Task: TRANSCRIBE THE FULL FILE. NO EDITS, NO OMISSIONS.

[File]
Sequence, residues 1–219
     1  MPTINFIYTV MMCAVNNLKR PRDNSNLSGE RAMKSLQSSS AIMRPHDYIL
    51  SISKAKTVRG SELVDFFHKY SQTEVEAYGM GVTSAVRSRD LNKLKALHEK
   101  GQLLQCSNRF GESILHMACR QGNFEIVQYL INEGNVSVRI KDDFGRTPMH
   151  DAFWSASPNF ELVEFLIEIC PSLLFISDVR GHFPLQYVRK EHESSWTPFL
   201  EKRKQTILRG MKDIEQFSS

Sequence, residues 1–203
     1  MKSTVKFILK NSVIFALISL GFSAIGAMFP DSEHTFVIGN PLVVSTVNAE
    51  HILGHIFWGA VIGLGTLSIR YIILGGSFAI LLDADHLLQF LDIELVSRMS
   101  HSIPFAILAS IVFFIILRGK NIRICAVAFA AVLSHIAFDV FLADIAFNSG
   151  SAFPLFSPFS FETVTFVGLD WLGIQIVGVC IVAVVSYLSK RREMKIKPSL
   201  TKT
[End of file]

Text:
Sequence, residues 1–219
     1  MPTINFIYTV MMCAVNNLKR PRDNSNLSGE RAMKSLQSSS AIMRPHDYIL
    51  SISKAKTVRG SELVDFFHKY SQTEVEAYGM GVTSAVRSRD LNKLKALHEK
   101  GQLLQCSNRF GESILHMACR QGNFEIVQYL INEGNVSVRI KDDFGRTPMH
   151  DAFWSASPNF ELVEFLIEIC PSLLFISDVR GHFPLQYVRK EHESSWTPFL
   201  EKRKQTILRG MKDIEQFSS

Sequence, residues 1–203
     1  MKSTVKFILK NSVIFALISL GFSAIGAMFP DSEHTFVIGN PLVVSTVNAE
    51  HILGHIFWGA VIGLGTLSIR YIILGGSFAI LLDADHLLQF LDIELVSRMS
   101  HSIPFAILAS IVFFIILRGK NIRICAVAFA AVLSHIAFDV FLADIAFNSG
   151  SAFPLFSPFS FETVTFVGLD WLGIQIVGVC IVAVVSYLSK RREMKIKPSL
   201  TKT